Poor countries' lessons on healthcare to richer ones

Friday, 30 April 2010, 10:45 Hrs   |    2 Comments
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Poor countries' lessons on healthcare to richer ones
Bangalore: Though, the rich countries may have better facilities than their poorer counterparts, there are some lessons for the former that the hospitals in the latter group of countries can teach managing healthcare. India's Aravind Eye Care System, which operates five eye hospitals, conducted 269,577 eye surgeries in 2008-09, of which nearly 50 percent were performed for free for poor patients. The charges for the remaining 50 percent were at or below market rates.

Of the facilities' 2.46 million outpatients during that time, 50 percent were treated for free, and the fee for most of the others was a nominal $0.50, writes Vijay Govindarajan, a Professor of International Business at the Tuck School of Business and S. Manikutty is a Professor at the Indian Institute of Mangement in Ahmedabad in their blog on Harvard Business Review. Aravind hospital takes no donations or charity and yet not only makes a profit but enough to fund a new hospital every three years.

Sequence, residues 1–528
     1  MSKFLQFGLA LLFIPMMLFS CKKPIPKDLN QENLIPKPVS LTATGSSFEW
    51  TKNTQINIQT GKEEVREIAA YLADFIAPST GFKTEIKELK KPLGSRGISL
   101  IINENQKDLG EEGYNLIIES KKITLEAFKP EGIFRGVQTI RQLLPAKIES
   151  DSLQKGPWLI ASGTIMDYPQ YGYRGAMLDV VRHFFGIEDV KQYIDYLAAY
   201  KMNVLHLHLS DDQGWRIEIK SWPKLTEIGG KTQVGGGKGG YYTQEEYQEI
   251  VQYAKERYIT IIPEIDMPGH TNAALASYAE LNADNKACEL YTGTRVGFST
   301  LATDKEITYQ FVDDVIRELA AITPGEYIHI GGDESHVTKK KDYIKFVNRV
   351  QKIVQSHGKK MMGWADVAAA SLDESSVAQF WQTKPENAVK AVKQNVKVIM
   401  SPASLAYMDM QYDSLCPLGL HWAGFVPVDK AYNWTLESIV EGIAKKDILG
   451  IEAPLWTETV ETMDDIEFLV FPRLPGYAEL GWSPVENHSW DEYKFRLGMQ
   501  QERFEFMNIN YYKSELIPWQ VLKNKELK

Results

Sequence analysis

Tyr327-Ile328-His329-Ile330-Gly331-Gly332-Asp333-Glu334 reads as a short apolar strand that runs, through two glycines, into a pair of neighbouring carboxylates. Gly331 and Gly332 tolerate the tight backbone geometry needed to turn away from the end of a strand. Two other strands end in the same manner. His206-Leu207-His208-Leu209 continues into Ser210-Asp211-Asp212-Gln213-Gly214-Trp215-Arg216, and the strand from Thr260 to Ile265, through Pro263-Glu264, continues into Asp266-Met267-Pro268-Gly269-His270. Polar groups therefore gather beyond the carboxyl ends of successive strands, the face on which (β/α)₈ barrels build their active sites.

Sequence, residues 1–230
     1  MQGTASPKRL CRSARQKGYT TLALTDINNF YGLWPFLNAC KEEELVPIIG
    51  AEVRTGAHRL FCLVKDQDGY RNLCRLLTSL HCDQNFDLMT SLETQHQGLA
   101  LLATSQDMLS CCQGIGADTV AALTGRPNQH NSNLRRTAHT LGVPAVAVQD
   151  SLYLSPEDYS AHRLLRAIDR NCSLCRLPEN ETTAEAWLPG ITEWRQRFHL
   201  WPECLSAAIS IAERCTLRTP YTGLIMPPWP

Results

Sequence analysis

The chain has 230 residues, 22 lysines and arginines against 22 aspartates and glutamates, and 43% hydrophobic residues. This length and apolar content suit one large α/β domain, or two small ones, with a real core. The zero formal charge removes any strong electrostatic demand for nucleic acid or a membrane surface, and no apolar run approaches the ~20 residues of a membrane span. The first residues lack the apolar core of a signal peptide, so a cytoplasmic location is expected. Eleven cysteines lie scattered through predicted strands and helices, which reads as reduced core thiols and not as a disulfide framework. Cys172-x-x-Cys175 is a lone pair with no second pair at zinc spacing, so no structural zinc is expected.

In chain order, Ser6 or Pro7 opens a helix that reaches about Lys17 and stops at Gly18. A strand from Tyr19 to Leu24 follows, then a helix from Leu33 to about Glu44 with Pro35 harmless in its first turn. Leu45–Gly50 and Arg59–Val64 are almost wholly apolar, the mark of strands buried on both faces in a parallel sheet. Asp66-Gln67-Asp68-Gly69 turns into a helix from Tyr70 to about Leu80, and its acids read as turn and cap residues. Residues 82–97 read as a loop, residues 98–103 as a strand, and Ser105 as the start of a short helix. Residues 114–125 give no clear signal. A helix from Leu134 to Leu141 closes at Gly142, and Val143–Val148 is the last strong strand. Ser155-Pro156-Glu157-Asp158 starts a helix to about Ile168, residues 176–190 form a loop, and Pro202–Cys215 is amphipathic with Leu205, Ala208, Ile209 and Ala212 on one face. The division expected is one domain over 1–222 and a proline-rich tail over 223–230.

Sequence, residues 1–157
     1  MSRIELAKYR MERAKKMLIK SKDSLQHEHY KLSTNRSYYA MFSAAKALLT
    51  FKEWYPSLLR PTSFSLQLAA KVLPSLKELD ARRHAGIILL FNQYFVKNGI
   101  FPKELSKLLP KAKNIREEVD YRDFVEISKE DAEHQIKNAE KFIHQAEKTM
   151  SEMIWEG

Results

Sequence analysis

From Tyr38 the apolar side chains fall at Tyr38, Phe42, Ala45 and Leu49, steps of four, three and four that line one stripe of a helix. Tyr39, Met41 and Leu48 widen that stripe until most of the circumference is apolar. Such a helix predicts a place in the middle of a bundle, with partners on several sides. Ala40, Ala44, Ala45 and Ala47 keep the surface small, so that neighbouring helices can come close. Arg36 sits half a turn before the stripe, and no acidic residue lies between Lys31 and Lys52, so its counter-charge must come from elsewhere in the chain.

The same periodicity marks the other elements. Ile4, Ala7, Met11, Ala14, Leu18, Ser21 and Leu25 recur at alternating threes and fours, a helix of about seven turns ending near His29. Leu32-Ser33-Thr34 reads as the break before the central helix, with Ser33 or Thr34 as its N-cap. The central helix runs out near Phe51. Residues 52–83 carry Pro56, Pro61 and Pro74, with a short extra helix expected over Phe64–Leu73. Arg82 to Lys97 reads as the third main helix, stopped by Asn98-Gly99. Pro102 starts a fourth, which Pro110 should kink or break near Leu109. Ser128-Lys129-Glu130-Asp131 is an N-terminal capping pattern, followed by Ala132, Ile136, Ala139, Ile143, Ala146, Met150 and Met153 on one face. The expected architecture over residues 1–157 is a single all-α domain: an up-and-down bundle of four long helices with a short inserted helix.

All these new hospitals and expansions have been internally funded. Aravind has been doing this for more than two decades. So how do they do it? Simply by using the following methods in managing its operations.

Extraordinary productivity: Aravind doctors average about 25 cataract surgeries per day (actually, over six hours), whereas other eye-care hospitals do six to eight surgeries per doctor.

Exploiting economies of scale: This allows its in-house manufacturing facility, Aurolab, to produce intraocular lenses (IOLs) at $5; global prices are about $80.

Borrowing best practices from other sectors: Aravind has borrowed concepts like economies of scale and assembly lines from the industrial sector and applied them in health care to bring down costs without sacrificing quality.

Investing in critical activities but saving on frills: Aravind lowers its cost position by reducing bells and whistles without compromising on the quality of its equipment or medicines or the competence of doctors and nurses.

Aravind's ideological foundations: Its founder, the late Govindappa Venkataswamy, stated his mission simply as "eradication of needless blindness" when he founded the hospital in 1976. This mission has continued to this day.

Aravind is a perfect example of how astonishing the results can be when produced through a congruence of vision, values, purposeful implementation, and a high degree of efficiency. There is nothing in this model that cannot be replicated in any country - developing or developed.

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